When you think of those North American cities that are leading the way on transit, New York, Washington, D.C., or San Francisco in the U.S. may come to mind, or you may think of Canadian cities such as Montréal, Toronto, or Vancouver. Yet one relatively small metro area in the heart of the Rocky Mountains is showing that you don’t have to be a large, top-tier global city to have great transit. Salt Lake City, which also happens to be the capital of one of the most conservative states in the nation, opened its first 19-mile (30-kilometer) light-rail line in 1999. Since then, UTA TRAX has expanded to 45 miles (72 kilometers) of track serving 50 stations and over 60,000 riders a day. It is complemented by an 88-mile (142-kilometer) commuter-rail system that provides all-day service on weekdays and weekends (something many other commuter-rail systems around North America lack) and a comprehensive bus system serving 80,000 passengers a day in a 1,600-square-mile (4,100-square-kilometer) area over 6 counties. Expansion continues, with a streetcar line, the S line, set to open in December, connecting the Sugar House district with the regional light-rail system. All told, more than 150,000 passengers a day rely on UTA’s services, and it is transforming Salt Lake into a walkable, transit-oriented urban region well positioned for the economic and environmental challenges of the future.
And it’s getting even better. On Friday, 4 October, Salt Lake City Mayor Ralph Becker joined UTA’s general manager, Michael Allegra, to announce a new transit pass that will be available to residents for $30 a month, or just $360 a year for access to the entire UTA system, including buses, light rail, commuter rail, and the new streetcar. The passes normally cost $198 a month. The Salt Lake Tribune‘s Christopher Smart reports:
“This is a great effort to improve the air quality in Salt Lake City,” Becker said. “This is a first of its kind in the country. Every citizen in Salt Lake City will have access to this program.”
The program will cost the city about $150,000 to administer. UTA will sell the passes to the city for $360 — the same price the municipality will charge residents.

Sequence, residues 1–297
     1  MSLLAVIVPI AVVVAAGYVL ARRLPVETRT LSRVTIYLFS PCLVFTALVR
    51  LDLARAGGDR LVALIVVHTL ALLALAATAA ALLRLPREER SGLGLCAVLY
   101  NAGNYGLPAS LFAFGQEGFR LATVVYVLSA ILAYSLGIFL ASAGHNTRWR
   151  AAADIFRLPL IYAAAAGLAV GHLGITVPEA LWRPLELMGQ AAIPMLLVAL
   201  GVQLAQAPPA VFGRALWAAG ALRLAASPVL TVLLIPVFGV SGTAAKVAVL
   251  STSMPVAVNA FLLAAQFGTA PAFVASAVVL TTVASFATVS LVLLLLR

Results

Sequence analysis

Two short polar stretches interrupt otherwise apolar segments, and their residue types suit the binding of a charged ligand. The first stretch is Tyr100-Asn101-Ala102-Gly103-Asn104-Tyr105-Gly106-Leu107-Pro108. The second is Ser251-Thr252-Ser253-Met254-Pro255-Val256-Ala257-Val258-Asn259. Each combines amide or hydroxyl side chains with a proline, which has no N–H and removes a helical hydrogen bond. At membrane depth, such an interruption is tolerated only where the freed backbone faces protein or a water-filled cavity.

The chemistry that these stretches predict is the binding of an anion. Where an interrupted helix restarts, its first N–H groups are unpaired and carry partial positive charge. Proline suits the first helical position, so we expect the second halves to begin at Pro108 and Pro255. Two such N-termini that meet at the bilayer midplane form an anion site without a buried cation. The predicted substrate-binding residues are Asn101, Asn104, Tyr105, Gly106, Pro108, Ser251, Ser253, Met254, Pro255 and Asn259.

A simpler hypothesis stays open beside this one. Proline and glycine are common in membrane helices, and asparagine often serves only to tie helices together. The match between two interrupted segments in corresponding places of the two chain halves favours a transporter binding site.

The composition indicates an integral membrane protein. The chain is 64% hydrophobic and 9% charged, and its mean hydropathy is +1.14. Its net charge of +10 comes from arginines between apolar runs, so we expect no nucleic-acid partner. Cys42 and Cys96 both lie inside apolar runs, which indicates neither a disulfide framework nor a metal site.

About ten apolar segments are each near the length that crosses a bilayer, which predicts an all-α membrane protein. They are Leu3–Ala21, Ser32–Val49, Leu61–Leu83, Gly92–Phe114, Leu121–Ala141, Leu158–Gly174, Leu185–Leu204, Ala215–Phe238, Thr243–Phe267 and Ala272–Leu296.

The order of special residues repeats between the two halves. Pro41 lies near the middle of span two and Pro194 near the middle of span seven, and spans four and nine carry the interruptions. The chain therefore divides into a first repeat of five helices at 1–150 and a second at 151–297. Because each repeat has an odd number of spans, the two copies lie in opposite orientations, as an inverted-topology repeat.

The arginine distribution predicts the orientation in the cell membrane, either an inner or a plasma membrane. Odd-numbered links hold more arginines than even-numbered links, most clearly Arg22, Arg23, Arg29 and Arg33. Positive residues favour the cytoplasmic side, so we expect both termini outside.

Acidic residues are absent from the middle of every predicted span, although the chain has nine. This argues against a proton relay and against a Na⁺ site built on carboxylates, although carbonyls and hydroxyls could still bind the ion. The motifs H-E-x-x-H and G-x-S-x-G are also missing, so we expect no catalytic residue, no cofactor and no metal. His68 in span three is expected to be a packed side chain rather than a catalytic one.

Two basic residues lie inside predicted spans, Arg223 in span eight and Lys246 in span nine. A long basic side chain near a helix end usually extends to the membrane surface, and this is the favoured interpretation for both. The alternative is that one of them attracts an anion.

Participants can pay monthly with their Salt Lake City water bills. For the time being, renters will have to pay the full $360 upfront, although Robin Hutcheson, director of transportation, said the city is working toward a mechanism by which residents who don’t receive a water bill can pay monthly.
Others quoted by the article note that such a program could be a true game changer for transit in Salt Lake. “A $30 a month pass is the kind of incentive that will change [people’s] behavior,” stated Roger Borgenicht of Utahns for Better Transportation.
And if other cities followed Salt Lake’s lead, such a program could be a game changer for transit and sustainable urban planning across the country. Rather than round after round of transit cuts and fare hikes—even in some of those transit “leaders” I mentioned above—we need to be encouraging Americans to get out of their cars and on to their feet, and in buses and trains. Salt Lake may be small and remote, but its leaders realize that its true economic competition is not just other cities in the U.S. and Canada but cities around the globe—urban areas moving forward with the types of investments that will make them livable, equitable, sustainable, and economically vibrant in the long term.
“Becker plans to offer cheap train, bus passes to Salt Lakers” by Christopher Smart
The Salt Lake Tribune, Friday, 4 October 2013